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- Photo courtesy of Tanisha Fuller
- Tanisha Fuller said her son, L.C. Fuller, is now "the tallest and biggest out of all my kids, which is crazy."
McLemore believes barriers should be removed for Black people wishing to enter health care professions. "People perceive that as a lowering of standards, but I argue it's not true. GRE scores don't correlate with success in graduate school," said McLemore. "We also need to make sure people with criminal histories or justice involvement are not barred from seeking employment in the health professions."
McLemore is hopeful that "this call for more respectful, holistic care is something that will trickle through health care," but, she said, there will need to be some financial incentive, "as long as health care is continuing to be moved and motivated by those things."
The Preterm Birth Initiative is planning to make information about their focus groups publicly available, "similar to the Black Women Birthing Justice report," said McLemore. The initiative is also working to create an app that would offer answers to the kind of questions raised during their focus groups. They might even launch a YouTube channel for this purpose. Their goal is to make "tools that aren't just in the scientific literature, so that we can get this information out to people," McLemore said.
For Tanisha Fuller, part of the solution is sharing her own birth story with other women. She now lives in Antioch, and her son is 13 years old and healthy. Even though he's her youngest, Fuller said, "He's actually the tallest and biggest out of all my kids, which is crazy."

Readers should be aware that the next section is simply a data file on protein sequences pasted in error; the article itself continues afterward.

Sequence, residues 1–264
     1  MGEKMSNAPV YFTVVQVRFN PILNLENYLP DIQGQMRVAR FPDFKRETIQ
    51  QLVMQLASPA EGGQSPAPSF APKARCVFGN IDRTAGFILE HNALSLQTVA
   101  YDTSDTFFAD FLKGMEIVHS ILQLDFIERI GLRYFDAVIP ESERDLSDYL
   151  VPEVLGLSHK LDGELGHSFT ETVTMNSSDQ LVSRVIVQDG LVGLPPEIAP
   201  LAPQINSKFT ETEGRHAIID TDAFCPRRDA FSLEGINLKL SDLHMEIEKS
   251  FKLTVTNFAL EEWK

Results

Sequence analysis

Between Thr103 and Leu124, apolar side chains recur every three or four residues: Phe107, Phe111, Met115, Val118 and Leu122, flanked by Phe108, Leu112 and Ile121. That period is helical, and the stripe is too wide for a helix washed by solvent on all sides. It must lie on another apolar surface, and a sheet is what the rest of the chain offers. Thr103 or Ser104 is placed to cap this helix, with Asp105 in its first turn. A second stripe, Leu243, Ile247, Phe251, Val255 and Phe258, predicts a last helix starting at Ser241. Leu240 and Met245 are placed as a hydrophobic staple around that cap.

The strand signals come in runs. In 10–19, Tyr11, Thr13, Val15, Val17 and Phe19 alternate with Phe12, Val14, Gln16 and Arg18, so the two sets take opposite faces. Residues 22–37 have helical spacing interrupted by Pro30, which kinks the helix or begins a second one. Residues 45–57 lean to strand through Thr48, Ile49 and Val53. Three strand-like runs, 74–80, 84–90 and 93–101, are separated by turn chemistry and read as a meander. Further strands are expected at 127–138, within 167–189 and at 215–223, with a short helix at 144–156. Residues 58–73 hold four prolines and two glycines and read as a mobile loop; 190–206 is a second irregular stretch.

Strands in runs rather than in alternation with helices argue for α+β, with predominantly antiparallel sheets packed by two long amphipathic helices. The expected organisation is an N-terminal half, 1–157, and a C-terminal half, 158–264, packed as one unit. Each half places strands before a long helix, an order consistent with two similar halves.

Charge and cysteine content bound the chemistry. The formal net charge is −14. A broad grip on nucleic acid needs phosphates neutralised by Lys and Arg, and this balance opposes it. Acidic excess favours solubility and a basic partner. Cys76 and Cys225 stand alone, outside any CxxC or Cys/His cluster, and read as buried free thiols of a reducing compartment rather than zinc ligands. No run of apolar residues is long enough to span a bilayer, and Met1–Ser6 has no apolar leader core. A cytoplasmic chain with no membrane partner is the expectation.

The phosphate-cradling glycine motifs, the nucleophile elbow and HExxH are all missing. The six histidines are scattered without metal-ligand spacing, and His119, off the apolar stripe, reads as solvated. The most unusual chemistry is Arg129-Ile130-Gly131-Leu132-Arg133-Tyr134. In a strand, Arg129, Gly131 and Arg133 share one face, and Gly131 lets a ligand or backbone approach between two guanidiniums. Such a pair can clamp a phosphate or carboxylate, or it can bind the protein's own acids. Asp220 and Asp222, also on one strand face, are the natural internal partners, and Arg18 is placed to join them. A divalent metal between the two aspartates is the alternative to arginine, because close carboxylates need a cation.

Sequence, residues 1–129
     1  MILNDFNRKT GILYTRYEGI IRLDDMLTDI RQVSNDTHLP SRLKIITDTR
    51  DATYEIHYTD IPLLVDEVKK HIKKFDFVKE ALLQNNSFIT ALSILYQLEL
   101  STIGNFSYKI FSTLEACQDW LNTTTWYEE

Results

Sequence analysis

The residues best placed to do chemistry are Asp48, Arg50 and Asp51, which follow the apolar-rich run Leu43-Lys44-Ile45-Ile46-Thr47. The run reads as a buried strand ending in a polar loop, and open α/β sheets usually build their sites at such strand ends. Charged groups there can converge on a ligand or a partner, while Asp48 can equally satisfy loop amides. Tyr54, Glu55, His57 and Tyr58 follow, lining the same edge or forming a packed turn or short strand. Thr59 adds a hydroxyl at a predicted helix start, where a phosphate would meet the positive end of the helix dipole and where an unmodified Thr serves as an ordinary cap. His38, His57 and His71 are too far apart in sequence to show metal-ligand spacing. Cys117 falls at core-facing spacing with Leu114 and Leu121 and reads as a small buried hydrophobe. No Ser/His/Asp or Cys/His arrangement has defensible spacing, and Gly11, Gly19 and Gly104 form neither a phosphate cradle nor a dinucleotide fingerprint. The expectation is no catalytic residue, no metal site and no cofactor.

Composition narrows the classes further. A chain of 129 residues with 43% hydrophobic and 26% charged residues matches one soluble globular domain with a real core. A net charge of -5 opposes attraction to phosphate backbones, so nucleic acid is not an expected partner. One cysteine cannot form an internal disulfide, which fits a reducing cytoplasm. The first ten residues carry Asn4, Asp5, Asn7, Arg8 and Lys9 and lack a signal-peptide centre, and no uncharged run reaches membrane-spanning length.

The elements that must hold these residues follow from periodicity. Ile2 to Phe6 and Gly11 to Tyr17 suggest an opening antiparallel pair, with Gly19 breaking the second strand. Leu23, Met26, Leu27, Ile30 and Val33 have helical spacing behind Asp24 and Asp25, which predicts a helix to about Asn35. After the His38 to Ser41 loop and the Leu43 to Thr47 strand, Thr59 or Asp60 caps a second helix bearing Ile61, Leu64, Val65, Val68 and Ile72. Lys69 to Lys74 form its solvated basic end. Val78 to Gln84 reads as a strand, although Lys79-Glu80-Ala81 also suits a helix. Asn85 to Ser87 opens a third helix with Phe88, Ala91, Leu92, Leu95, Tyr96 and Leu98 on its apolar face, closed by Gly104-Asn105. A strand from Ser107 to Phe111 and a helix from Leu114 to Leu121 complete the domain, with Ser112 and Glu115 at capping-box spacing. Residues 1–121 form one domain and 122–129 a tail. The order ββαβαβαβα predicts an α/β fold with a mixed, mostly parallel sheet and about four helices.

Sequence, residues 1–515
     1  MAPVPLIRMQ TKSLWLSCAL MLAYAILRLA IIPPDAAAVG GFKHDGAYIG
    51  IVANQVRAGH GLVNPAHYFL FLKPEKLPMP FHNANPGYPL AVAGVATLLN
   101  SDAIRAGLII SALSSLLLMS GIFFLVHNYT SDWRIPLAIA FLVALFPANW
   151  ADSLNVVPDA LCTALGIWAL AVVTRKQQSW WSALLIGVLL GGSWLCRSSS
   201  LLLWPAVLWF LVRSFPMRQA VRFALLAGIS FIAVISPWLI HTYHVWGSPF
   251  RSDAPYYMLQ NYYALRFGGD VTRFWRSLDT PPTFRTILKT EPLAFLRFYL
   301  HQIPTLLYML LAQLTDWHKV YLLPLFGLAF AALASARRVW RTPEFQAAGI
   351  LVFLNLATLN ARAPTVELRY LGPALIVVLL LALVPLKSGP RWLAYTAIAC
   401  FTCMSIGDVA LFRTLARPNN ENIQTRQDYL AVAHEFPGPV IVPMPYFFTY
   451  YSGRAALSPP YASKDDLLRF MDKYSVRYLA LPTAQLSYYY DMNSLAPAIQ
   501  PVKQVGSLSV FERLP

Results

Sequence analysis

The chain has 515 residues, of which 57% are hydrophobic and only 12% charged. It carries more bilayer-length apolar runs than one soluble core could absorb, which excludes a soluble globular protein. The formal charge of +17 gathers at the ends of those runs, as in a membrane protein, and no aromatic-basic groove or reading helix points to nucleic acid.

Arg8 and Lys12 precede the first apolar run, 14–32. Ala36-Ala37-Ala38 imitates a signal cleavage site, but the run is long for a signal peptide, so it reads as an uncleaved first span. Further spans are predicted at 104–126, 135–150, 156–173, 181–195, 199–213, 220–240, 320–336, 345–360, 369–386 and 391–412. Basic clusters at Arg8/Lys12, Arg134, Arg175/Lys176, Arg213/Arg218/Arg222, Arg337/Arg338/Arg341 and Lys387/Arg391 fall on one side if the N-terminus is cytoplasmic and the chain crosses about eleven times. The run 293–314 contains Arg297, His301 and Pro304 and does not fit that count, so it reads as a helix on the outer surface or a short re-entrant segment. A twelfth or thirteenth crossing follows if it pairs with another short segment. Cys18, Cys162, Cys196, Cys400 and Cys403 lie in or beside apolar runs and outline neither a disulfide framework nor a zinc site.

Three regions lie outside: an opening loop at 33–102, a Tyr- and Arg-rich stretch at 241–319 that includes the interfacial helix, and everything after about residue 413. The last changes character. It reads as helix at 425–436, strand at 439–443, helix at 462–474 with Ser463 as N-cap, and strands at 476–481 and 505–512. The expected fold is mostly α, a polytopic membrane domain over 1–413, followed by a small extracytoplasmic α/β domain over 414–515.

At her office building in Oakland in the summer of 2016, Fuller got to talking with the women who were holding a Preterm Birth Initiative focus group in the building's conference room. She soon found out that they were one person short. She joined the women who, while waiting for the talk to begin, were chatting about doulas. Doulas don't deliver the baby or offer medical treatment. Their role is to provide support where the birthing parents need it — this can be anything from grocery shopping to cleaning up the house to massaging the mother during birth.
After her own son's birth, Fuller had started trying to answer friends' and family members' questions about birth complications. "I've always been there when it comes to them having a baby or being pregnant. I just shared the knowledge. I was being a doula already, but I just didn't know it," she said.
When she found out that doulas play a similar role — "basically, being a support system for the birthing parents," she said — she was eager to learn more. The women from the initiative encouraged her to pursue that path, even offering to pay for her training.
That fall, Fuller completed her training over two weekends at a midwife's home in Oakland. She learned about the female body and how it functions during and after pregnancy. She learned how to support a woman during her labor by reminding her of, say, the reasons why she had chosen not to have an epidural. She learned how to help the woman's partner get involved during the birth: "You're there to say, 'Hey, why don't you come rub her back?' or 'Hey, why don't you guys dance?' — something like that to get them involved."
Thanks to her own three births, including her frightening experience with the preterm birth of her son, she knows how isolating it can feel to go through something really difficult and unfamiliar. "I can sympathize. I know how it feels," Fuller said. "That's what makes me want to do this, because of my experience and wanting to help someone else."
After having been a doula for a year, Fuller said, she wants to tell women: "You do not have to do this by yourself."A version of this report was originally published by Oakland North, a project of the UC Berkeley Graduate School of Journalism.
Written by Sarah Hoenicke with additional reporting from Drew Costley and Sarah Cahlan. Videos by Sarah Cahlan and Drew Costley with production assistance from Sarah Hoenicke and Anne Wernikoff and illustrations by Suzanna Hoenicke.